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As we remember from Matthew's Gospel, Jesus had just proven something of the greatness of His power. He had fed five-thousand men, and their wives and children, with just five small loaves of bread and two fish (Matthew 14:14-21).
To appreciate the context of this story; please take a look at what the apostle John said when he wrote about this same story in his Gospel. After Jesus had fed the multitudes, John says, “Therefore when Jesus perceived that they were about to come and take Him by force to make Him king, He departed again to the mountain by Himself alone. Now when evening came, His disciples went down to the sea, got into a boat, and went over the sea toward Capernaum” (John 6:15-17a).
The people thought that they had found in Jesus a perfect political leader; someone who could provide them with whatever earthly thing they needed. Perhaps they thought that, through Him, they could replace the wicked King Herod—and perhaps even drive the occupying Roman empire from their land. But though Jesus truly was the King of the Jews, that's not the kind of kingdom Jesus came to establish. Later on, He rebuked these people; telling them, “Most assuredly, I say to you, you seek Me, not because you saw the signs, but because you ate of the loaves and were filled. Do not labor for the food which perishes, but for the food which endures to everlasting life, which the Son of Man will give you, because God the Father has set His seal on Him” (John 6:26-27).
Many people try to use Jesus for earthly purposes even today—that is, to seek through Him a comfortable and easy life on earth for themselves. But Jesus won't allow Himself to be used by people in that way. He isn't about filling bellies with goodies. He's about saving souls from eternal loss.
I believe that this is behind the very first words that we read in our passage this morning. We read in it that Jesus “made” His disciples get into the boat. The text uses a word in the original language that has a sense of urgency to it. He had to “force” them, or “compel” them, or “urge” them “strongly” to go. This was, I believe, in part because of the mob that was about to make Him king1. It may even have been that the disciples were tempted to join in on their cause!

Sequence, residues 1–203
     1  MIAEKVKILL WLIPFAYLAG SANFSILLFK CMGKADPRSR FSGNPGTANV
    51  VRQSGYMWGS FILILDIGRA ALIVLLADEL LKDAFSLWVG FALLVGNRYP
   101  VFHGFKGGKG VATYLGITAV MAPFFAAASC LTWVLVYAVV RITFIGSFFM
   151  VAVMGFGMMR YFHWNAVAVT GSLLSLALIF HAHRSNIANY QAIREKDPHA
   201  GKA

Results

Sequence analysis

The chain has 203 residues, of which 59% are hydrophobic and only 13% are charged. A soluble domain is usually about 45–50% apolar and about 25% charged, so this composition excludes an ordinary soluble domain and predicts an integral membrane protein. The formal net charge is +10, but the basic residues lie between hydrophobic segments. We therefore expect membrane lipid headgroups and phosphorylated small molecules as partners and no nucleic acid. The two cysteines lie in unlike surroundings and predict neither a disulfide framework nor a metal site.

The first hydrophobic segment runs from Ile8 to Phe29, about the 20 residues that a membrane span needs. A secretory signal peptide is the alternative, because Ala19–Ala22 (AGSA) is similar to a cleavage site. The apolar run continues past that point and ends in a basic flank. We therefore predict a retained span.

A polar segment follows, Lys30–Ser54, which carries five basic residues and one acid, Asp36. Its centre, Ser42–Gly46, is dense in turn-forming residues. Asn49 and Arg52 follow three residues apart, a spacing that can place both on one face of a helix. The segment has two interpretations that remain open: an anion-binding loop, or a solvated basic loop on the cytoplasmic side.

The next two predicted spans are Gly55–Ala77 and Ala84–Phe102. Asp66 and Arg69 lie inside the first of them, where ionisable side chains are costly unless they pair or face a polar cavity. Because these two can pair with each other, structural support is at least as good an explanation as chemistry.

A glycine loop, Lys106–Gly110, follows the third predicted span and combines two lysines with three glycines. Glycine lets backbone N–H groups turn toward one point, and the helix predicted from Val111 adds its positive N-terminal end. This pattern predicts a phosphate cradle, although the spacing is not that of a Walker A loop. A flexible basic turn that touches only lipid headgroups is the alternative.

Now; with all of that in mind, let me read this morning's passage to you. And as I do, just consider the ways Jesus is shown to be “above” the trials of life; and how we rise above those trials as we keep our eyes on Him.
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Jesus is far above the trials and crises of life; and we rise above them so long as we keep our focus on Him.
Please notice how He is above it all . . .
1. IN TIMES OF FRUSTRATION (vv. 22-25).
We're told that Jesus was very urgent in compelling His disciples to get into a boat and go ahead of Him to the other side of the lake. Jesus had to “urge” the disciples and “compel” them to go was because they themselves were hesitant to make such a trip.
You see; several of the disciples were very experienced fishermen. They knew the Sea of Galilee very, very well. They knew that, at this time of year (probably around mid-spring), the Sea of Galilee was subject to strong gusts of wind; and the late afternoon and evening at that time of year was not a good time to be out in the middle of the lake.2 Nevertheless, Jesus compelled them; and off they went in obedience to Him—perhaps bewildered that He would make them go at such an unfavorable time and in spite of their protests.